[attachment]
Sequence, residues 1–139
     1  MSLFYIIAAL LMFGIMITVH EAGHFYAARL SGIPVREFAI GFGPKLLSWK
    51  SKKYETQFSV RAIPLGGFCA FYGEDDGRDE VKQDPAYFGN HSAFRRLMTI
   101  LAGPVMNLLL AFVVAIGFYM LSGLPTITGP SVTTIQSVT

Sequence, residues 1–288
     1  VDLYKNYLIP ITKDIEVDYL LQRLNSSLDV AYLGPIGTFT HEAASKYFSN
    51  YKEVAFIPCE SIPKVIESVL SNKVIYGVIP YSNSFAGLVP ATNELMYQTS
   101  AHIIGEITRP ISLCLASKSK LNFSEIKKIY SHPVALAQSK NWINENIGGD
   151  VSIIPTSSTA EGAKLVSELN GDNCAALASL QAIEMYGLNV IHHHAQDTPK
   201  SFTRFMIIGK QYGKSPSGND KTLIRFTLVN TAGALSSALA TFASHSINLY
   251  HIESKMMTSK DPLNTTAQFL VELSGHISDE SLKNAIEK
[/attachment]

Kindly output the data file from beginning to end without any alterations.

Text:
Sequence, residues 1–139
     1  MSLFYIIAAL LMFGIMITVH EAGHFYAARL SGIPVREFAI GFGPKLLSWK
    51  SKKYETQFSV RAIPLGGFCA FYGEDDGRDE VKQDPAYFGN HSAFRRLMTI
   101  LAGPVMNLLL AFVVAIGFYM LSGLPTITGP SVTTIQSVT

Sequence, residues 1–288
     1  VDLYKNYLIP ITKDIEVDYL LQRLNSSLDV AYLGPIGTFT HEAASKYFSN
    51  YKEVAFIPCE SIPKVIESVL SNKVIYGVIP YSNSFAGLVP ATNELMYQTS
   101  AHIIGEITRP ISLCLASKSK LNFSEIKKIY SHPVALAQSK NWINENIGGD
   151  VSIIPTSSTA EGAKLVSELN GDNCAALASL QAIEMYGLNV IHHHAQDTPK
   201  SFTRFMIIGK QYGKSPSGND KTLIRFTLVN TAGALSSALA TFASHSINLY
   251  HIESKMMTSK DPLNTTAQFL VELSGHISDE SLKNAIEK